In lieu of a traditional veil, Ghanem wore a hooded cloak hand created by the French house Lesage. Her dress was designed by Italian design line Schiaparelli.

The glamorous wedding weekend featured guests from Princess Beatrice of York, eldest daughter of Prince Andrew, Duke of York, and French model Julia Restoin Roitfeld.

Lebanese filmmaker wins prize at Cannes Film Festival

(BEIRUT, LEBANON) — Lebanese filmmaker Ely Dagher won a top award at the 2015 Cannes Film Festival on Sunday for his short film “Waves ’98.”

Dagher, 30, won the Palme d’Or award after competing with more than 4,000 short films from around the world.

“Waves ’98” is a 15-minute “visual essay” that explores Dagher’s relationship with Beirut in 1998 as a teenager. Dagher said his attachment to Beirut became “more and more complicated” after moving from Lebanon to Brussels.

Dagher is the first Lebanese director to be awarded at the Cannes Festival since 1991, when famed filmmaker Maroun Baghdadi won the Jury Prize for “Out of Life” (Hors La Vie).

Bagdadi was internationally known for producing popular films with American director Francis Coppola, including several projects that became hits in France.

The prestigious Cannes Film Festival is held annually in southern France. The 2015 festival took place from May 13 to May 24.

The jury for the main competition included American filmmakers Joel and Ethan Coen, Mexican filmmaker Guillermo del Toro, American actor Jake Gyllenhaal, French-Canadian actor and filmmaker Xavier Dolan, French actress and director Sophie Marceau, Spanish actress Rossy de Palma, Malian musician Rokia Traore, and British actress Sienna Miller.

WATCH the trailer:

WAVES’98 Trailer from Beaverandbeaver on Vimeo.

George Clooney: “We’re going to go to Beirut”

(BEIRUT, LEBANON) — First Salma Hayek, now George Clooney? Will one of the world’s most recognized couples really come to Beirut?

On Tuesday, George Clooney announced that he and his wife Amal Alamuddin were planning to visit Beirut in the “near future” to meet his Lebanese in-laws.

“We’re going to go to Beirut and I’m really excited to do that but I didn’t know much about the Lebanese culture including how many family members I now have in Lebanon, which is a thousand I think,” he said.

Clooney explained how his marriage to Alamuddin, who was born in Lebanon, has taught him about the country’s culture.

“What I have learned from Amal is about Lebanese culture and (it’s) absolutely fascinating to me,” he said.

Alamuddin’s family hails from Baakline, a well-known Druze town and seat of the sect’s religious leader in the Chouf district of the country.

Alamuddin’s father, Ramzi, is a retired professor at the American University of Beirut, while her mother, Baria, is a well-known former beauty-queen turned journalist with the newspaper Al-Hayat.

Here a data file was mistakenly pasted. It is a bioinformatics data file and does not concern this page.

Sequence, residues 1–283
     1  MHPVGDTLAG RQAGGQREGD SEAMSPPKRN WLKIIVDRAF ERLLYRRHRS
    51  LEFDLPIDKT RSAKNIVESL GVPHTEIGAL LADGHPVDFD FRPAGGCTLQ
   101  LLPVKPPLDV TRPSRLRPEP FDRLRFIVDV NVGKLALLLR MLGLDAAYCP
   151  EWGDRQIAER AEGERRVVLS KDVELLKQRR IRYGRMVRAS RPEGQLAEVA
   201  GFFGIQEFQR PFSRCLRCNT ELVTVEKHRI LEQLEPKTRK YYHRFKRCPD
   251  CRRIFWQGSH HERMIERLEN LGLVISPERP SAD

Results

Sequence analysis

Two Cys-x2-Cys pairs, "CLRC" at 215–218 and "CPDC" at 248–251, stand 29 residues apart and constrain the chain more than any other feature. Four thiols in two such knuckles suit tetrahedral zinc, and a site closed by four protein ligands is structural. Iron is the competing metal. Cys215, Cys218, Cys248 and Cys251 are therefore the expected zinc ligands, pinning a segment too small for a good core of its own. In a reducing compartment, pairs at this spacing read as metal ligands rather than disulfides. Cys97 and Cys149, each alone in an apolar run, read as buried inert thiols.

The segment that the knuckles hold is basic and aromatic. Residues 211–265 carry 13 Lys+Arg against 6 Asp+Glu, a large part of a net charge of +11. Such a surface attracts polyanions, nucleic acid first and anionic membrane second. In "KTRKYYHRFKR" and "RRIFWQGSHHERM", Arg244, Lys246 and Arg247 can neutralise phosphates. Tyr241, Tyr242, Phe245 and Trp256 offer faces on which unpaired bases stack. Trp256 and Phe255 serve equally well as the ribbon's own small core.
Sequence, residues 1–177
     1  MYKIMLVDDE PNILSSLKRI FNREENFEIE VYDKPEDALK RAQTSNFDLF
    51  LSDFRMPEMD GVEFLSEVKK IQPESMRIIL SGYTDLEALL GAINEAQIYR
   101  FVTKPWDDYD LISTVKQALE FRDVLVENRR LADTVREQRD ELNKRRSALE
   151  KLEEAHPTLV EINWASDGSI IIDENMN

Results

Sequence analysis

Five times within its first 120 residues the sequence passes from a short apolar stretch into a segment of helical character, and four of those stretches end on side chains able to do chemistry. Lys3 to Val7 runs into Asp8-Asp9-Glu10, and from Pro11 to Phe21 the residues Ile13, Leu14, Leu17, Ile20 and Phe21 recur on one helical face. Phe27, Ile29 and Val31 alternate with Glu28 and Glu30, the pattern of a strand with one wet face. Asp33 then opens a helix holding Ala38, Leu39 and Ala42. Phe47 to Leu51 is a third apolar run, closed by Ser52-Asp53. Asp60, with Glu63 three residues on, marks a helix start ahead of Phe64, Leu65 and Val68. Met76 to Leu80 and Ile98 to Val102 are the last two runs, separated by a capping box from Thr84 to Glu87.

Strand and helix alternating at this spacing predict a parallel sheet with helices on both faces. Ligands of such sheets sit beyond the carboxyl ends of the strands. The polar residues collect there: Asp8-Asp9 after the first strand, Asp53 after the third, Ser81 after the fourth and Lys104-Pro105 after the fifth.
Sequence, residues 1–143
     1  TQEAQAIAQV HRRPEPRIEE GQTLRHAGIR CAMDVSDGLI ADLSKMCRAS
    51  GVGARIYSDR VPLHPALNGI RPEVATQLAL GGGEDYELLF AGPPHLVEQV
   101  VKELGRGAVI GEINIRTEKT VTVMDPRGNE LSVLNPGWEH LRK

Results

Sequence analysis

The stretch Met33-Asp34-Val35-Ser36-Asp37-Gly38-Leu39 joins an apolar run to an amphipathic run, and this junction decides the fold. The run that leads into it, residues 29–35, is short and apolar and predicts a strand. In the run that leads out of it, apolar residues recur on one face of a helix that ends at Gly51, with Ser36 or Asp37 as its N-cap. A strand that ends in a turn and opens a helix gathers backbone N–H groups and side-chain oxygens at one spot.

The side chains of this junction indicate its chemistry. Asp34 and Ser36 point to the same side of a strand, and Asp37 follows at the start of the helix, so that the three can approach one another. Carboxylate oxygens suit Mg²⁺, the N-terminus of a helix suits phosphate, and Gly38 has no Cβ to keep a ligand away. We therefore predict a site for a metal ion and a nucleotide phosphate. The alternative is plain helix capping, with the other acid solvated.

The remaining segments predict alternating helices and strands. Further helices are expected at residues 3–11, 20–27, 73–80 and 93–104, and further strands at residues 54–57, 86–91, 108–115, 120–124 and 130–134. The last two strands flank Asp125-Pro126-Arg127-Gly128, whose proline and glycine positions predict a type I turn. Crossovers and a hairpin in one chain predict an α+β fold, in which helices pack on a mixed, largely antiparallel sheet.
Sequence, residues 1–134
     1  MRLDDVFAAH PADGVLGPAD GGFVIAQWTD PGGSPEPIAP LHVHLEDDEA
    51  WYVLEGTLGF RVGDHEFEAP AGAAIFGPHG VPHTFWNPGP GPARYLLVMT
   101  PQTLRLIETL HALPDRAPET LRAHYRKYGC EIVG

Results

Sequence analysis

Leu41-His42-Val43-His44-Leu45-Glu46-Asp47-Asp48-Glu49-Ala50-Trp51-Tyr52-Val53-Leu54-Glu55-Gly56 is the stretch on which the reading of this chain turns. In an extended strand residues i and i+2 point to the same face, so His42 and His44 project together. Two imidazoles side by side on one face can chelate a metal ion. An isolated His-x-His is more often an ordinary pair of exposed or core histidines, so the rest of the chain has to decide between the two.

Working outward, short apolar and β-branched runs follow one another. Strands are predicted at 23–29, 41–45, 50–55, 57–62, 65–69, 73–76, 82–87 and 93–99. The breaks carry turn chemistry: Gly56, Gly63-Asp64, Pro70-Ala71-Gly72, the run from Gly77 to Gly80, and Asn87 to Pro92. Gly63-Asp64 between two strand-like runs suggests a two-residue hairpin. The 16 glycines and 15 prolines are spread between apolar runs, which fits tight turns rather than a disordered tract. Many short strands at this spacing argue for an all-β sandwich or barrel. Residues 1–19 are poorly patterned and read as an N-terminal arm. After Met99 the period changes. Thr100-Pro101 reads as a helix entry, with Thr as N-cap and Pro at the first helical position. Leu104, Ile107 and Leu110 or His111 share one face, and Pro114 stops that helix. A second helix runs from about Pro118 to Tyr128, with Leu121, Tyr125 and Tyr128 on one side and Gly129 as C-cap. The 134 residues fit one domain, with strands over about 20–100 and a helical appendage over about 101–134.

The family left Lebanon in the 1980s at the height of Lebanon’s civil war. They settled in London, with Amal going on to earn a law degree from the prestigious Oxford University and later a Master’s degree from New York University.

Clooney spoke of the couple’s vested interest in politics and his freedom to talk more openly about his beliefs than his wife, who may deal with different countries in her line of work.

“Well she’s not involved in politics, she’s active on the international stage. I would argue that both of us are equally involved politically. I’m in a much better place and able to do a lot more by not having to compromise,” he added.

The news comes just one day after Clooney called the conflict in Syria “incredibly complex.” He also explained how Amal has given him a “new perspective” on the country.

Clooney also told the BBC that he intends to do more to help the people of Syria without being formally involved in politics.

Salma Hayek receives humanitarian award from Arab American Institute

(WASHINGTON, DC) — Actress and film director Salma Hayek received the “Spirit of Humanity” Kahlil Gibran Award from the Arab American Institute on Thursday during an annual gala in Washington DC honoring successful Arab-Americans.

Hayek returned from a three-day trip to Lebanon on Tuesday, where she launched her new animated film “The Prophet”, which is based on Gibran’s book.

The animated film, which draws on the 1923 book by Lebanese-born writer Kahlil Gibran, tells the story of Almitra, a headstrong girl who forms a friendship with imprisoned poet Mustafa.

The Washington DC ceremony was held at the Omni Shoreham Hotel, where Hayek was awarded in the category of “individual achievement.”

“I’m a citizen of the world, and my country is humanity, kids are poets from the moment they’re born; they get Gibran’s message without thinking about the meaning of individual words,” Hayek said.

The institute highlighted the Salma Hayek Foundation’s work to “end violence against women and attract global attention to humanitarian crises.”

Hayek said her trip to Lebanon was “very emotional” and called her new film a “love letter to my heritage.”

“Through this book I got to know my grandfather, through this book I got to have my grandfather teaching me about life,” she said in Beirut.

Hayek also visited Gibran’s birthplace, Bcharre, on Sunday to pay tribute to the writer and his book, which has sold more than 100 million copies worldwide.

Najib Mikati’s son hosts lavish wedding celebration in Morocco

(MARRAKESH, MOROCCO) — Lebanese billionaire and former prime minister Najib Mikati celebrated his son’s wedding on Saturday at the El Badi Palace in Marrakesh, Morroco.

Sources say over 1,000 people attended Malick Mikati’s wedding, including Lebanese fashion designer Elie Saab and Egyptian singer Amr Diab.

The Mikati family also hosted a brunch party at the La Mamounia luxurious hotel on Sunday.

Malick Mikati and his wife celebrate their wedding at the El Badi Palace in Morocco. (Twitter)
Malick Mikati and his wife celebrate their wedding at the El Badi Palace in Morocco. (Twitter)

The El Badi Palace is a tourist attraction in Morocco, which was commissioned by the Saadian sultan Ahmad al-Mansur, sometime shortly after his accession in 1578.

Najib Mikati served as the Prime Minister of Lebanon two times, from April to July 2005 and from January 2011 to August 2013. He is also the co-founder of telecommunications company Investcom, which he sold in 2006 to South Africa’s MTN Group for $5.5 billion.

U.S. Forbes magazine estimated his fortune at nearly $3.3 billion, making him the richest man in Lebanon.